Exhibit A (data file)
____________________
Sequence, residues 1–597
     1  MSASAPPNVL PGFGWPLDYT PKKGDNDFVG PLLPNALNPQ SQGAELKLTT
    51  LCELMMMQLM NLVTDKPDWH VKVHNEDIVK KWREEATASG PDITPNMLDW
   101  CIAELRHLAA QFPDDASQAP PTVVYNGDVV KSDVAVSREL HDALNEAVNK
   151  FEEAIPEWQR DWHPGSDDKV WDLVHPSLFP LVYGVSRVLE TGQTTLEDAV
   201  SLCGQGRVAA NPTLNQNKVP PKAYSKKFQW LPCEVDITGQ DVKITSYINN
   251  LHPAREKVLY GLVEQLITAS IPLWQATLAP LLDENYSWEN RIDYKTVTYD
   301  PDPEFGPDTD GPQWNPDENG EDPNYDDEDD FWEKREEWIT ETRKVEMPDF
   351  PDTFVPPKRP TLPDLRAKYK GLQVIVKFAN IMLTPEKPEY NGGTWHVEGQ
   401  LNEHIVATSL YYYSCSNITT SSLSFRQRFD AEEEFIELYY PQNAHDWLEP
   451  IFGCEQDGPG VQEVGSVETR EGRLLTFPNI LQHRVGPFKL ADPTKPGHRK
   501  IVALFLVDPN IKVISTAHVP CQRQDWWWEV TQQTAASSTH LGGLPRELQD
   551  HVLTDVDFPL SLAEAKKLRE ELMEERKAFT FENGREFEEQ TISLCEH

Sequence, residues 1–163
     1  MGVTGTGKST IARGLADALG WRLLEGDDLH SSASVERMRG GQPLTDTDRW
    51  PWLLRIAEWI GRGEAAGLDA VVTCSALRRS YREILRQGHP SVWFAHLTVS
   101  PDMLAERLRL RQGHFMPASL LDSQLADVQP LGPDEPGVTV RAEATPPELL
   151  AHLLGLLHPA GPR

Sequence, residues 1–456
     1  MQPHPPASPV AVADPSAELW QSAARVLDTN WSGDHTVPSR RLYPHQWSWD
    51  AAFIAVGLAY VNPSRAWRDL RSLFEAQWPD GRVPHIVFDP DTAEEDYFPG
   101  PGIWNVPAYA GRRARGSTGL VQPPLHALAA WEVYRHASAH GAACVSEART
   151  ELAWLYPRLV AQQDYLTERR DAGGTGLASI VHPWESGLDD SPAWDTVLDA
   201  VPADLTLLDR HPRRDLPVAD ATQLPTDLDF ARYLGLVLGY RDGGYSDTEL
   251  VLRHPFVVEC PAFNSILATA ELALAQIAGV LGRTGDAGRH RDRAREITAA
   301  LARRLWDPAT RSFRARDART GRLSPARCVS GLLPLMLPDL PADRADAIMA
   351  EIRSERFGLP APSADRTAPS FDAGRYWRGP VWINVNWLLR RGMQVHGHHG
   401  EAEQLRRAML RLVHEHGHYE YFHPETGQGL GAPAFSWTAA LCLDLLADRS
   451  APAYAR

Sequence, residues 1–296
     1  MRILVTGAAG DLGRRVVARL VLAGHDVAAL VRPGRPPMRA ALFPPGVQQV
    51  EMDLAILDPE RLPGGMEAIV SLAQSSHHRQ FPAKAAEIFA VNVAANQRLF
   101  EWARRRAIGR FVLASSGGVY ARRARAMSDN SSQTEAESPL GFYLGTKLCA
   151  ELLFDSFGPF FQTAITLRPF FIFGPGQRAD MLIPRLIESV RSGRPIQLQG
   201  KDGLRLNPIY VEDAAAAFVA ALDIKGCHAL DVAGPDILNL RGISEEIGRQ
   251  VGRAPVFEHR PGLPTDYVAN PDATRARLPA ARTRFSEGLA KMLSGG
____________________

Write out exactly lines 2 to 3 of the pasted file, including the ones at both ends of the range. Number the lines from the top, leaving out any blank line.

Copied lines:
     1  MSASAPPNVL PGFGWPLDYT PKKGDNDFVG PLLPNALNPQ SQGAELKLTT
    51  LCELMMMQLM NLVTDKPDWH VKVHNEDIVK KWREEATASG PDITPNMLDW